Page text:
I got up at twenty to one in the morning, drove to Gatwick without incident, checked in without incident, had some breakfast and got on the plane. Having been driving for most of the night, I tried to sleep most of the way but an hour and half into a three and a half hour flight, there were suddenly snow-covered Mountains outside. When they disappeared into the clouds, I went back to sleep again, only to be woken by the pilot announcing that we were now making our descent into Tromsø and to get the plane tidied up please and while we were at it, there was a view outside to admire. So I admired it.
I didn’t bother immediately leaping on the Flybuss. There was another view to admire but getting at it involved crossing a main road and that was a bit difficult. I did my best, then went back to the bus. The Flybuss, idiot! Should have walked down to the bus stop “under” the terminal and got the local bus.
In the middle of Tromsø, I found my hostel easily enough. There’s fresh snow in Tromsø, fresh enough to be problematic. There are snowploughs all over the place, people digging out their paths, people with poles knocking snow off the roof (and crows helping with this job. Do not stand under the edge of any building or you’ll get your own little snowstorm. I went into the library to borrow their wifi just to check in on Facebook, discovered my battery was pretty much dead already, did a bit of food shopping (they have the tasty crisp mixture I eat in Iceland!) and then caught the bus to the cable car. I bought a day ticket, took the 26 over the big scary bridge and through the suburbs until I thought I’d missed the stop and then suddenly the bus announced “Fjellheiset – cable car”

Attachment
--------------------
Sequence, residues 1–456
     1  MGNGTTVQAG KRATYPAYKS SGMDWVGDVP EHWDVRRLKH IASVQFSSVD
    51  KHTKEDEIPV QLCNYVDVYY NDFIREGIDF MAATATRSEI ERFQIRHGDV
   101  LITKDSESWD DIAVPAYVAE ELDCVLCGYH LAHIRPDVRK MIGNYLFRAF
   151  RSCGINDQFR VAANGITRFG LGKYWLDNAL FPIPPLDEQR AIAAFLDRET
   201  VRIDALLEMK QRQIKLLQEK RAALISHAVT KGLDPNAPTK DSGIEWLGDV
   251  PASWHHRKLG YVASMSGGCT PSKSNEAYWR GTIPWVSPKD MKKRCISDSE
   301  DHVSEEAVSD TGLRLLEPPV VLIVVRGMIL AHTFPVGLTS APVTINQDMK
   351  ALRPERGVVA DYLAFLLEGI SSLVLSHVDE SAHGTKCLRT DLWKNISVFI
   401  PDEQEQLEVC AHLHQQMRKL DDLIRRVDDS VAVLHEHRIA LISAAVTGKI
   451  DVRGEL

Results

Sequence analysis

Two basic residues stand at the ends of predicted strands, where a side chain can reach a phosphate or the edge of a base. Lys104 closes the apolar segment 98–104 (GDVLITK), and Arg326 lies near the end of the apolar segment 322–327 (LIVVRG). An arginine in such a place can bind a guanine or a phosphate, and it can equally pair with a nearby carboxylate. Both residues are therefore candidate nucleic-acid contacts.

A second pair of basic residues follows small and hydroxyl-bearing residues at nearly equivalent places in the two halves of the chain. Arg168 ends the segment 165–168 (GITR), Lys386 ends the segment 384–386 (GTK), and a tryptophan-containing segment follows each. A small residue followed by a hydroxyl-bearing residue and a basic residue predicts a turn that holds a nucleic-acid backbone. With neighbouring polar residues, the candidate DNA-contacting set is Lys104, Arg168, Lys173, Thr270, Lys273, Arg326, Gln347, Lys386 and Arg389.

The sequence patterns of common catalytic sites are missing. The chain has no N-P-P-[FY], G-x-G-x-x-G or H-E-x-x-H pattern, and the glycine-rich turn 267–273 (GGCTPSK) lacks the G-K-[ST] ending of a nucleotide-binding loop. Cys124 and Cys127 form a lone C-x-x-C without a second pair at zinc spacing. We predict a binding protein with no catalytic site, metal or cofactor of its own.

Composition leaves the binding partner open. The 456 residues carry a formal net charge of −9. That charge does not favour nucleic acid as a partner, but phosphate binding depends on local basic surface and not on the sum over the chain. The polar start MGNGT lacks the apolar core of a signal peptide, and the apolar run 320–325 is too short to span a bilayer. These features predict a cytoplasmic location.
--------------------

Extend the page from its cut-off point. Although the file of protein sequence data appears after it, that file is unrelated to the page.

It’s all been renovated since I was last here, trying to spot the Midnight Sun in May 2011. It’s a 28 person cable car that goes every half an hour, unless they’ve got too many tourists to Ferry around, in which case they just go up and down until they’ve got rid of a load.
The mountain is called Storsteinen, which is Norwegian for Big Stone. It was chilly at the top but not as freezing as it was at nearly midnight in May. I found the viewing platform – you have to haul open a patio door to get out there and I think they’re using it to generate power to run the cable car. It’s so heavy and so hard to get any grip with your feet to pull it. It’s worth it for the view. It’s a good view, over the entire island and all the mountains behind it. The Pingvinhotellet is very visible at the far end of the island (there’s a special Flybuss that goes to that end, if you’re unfortunate enough to end up staying there…). I didn’t plan to stay up there for an hour and half, freezing to death but that’s what happened. I saw the view from many angles, sat inside in the semi-warm to eat the nice Icelandic crisps, went back out and then decided I’d seen Tromsø in every way a city can be seen and it was time to go down before they had to chip me out of the snow.
At the bottom, seeing the crowd of Polish tourists (in matching blue coats and shockingly orange woolly hats) heading for the bus stop, I went to the one before the Fjellheiset one, where I was more likely to get a seat. And it worked. The Norwegian bus driver didn’t recognise a Norwegian 24 hour bus ticket – he talked at me in Norwegian long past the point where it was obvious I had no idea what he was saying, told me “You have to buy a ticket every time. Don’t you know?” and I finally had to point out, in some irritation “it’s a day ticket!” before I was allowed to sit in one of the empty seats and continue my journey. I was right, there was a huge crowd 200m up the road at the Fjellheiset stop and me sitting happily in my own seat. We went round the other end of the suburbs and I got off at the Arctic Cathedral, which is in fact not a cathedral at all. I went inside but these days you have to go pay to go beyond the lobby so I thought I wouldn’t bother. Instead, I got back on a bus – the driver hardly even glanced at my day ticket this time – and came back to Central Tromsø to write a blog about half a day, check in to the hostel, charge my phone and camera and sleep for an hour or two before I go out looking for the Northern Lights until the middle of the night.